Peter Henderson: A Leader in Ornamental Gardening
This year Jersey City joins the rest of the country in observing June as Perennial Gardening month by honoring one of our own. When 21 year old Peter Henderson stepped off the boat in 1843, he had three coins in his pocket and two Royal Botanical Society of Edinburgh medals to his name. At the time of his death 47 years later, he would be considered the leading horticulturist of his day and the founding father of the seed industry in America, with one writer comparing him to Andrew Carnegie. His influence on American market and ornamental gardening as a leisure time pursuit was immense.
After his arrival in America, Henderson worked in greenhouses in Long Island, Philadelphia, and Pittsburgh before saving enough money to start his own business. With $500 he rented 10 acres in Jersey City Heights in 1847, becoming a market gardener. As his son Alfred writes in the 1890 memoir Peter Henderson: Gardener—Author—Merchant, when Henderson “…found the taste for ornamental gardening increasing, he began to add to his greenhouse market, which eventually superseded the market garden….” In 1851, Henderson was hired by Cornelius Van Vorst to landscape the newly created Van Vorst Park. He would later be hired by John B. Coles to landscape Hamilton Park as well.
A prolific writer, Henderson contributed to many of the gardening periodicals of his day, and in 1866 he wrote Gardening for Profit. Widely credited as being the first American book on market gardening, it went through several editions and sold over 100,000 copies. As his business grew, he moved his greenhouses to a larger hillside site in what was then the town of South Bergen. New Jersey City University stands there today. Three of his books,Gardening for Profit , Gardening for Pleasure, and Garden and Farm Topics, are still available in print and copies of all can be found online.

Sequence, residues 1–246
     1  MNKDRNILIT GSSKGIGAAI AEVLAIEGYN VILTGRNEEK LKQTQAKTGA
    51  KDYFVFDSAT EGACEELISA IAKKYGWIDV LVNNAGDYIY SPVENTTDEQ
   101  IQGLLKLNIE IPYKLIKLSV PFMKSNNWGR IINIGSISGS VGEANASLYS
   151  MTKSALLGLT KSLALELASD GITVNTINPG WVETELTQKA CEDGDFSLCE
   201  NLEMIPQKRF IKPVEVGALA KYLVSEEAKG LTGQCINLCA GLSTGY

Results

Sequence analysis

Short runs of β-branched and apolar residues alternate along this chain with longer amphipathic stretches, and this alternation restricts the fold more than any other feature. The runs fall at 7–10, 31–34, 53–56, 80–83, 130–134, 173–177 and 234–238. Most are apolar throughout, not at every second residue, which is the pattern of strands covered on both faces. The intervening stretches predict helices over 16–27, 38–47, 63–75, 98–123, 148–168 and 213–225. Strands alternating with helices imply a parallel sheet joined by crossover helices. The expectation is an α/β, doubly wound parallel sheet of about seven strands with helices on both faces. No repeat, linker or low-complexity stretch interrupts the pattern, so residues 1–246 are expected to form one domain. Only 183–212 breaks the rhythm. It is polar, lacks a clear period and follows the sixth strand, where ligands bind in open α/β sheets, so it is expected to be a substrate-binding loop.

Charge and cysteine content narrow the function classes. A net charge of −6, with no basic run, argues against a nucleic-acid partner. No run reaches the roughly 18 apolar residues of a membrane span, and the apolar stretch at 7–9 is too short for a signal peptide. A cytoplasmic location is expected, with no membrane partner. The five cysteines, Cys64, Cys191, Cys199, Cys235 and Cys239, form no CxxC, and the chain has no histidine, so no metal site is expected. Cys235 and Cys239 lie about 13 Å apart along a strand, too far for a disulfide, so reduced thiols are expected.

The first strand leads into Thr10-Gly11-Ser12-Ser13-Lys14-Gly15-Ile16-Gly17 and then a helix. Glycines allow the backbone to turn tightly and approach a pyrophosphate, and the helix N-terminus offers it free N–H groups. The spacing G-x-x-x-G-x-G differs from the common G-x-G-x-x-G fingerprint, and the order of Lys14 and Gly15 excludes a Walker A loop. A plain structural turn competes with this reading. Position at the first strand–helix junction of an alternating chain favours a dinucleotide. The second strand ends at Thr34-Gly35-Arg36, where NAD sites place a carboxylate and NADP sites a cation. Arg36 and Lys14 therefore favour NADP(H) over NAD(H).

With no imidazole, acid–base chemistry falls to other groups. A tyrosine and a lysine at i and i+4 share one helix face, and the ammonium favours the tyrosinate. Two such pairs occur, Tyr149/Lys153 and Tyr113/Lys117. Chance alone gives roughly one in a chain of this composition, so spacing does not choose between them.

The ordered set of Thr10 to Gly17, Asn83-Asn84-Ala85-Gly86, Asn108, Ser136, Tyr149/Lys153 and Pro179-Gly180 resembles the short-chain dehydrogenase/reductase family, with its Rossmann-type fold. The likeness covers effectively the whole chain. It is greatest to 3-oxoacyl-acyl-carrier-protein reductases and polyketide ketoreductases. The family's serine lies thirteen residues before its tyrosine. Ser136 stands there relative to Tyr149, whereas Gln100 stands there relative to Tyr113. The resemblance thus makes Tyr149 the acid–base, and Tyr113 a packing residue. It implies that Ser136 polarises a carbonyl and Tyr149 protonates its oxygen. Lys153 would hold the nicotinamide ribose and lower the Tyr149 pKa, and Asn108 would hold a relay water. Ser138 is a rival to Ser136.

Peter Henderson & Co. opened in Cordlandt Street, New York in 1871. With their slogan, “Everything for the Gardener," the firm flourished, selling vegetables to roses to lawn mowers. At a time when most seeds were imported from Europe, Henderson offered seeds specially bred to grow in American soil, which he developed in his Jersey City greenhouses. Peter Henderson died from pneumonia in his home on Arlington Avenue on January 17, 1890. After his death his family received hundreds of condolence letters from private gardeners around the country. His son Alfred wrote, “…and the burden of their messages nearly always was, ‘I lost my best friend.’” Henderson seeds are still a favorite among heirloom gardening enthusiasts today.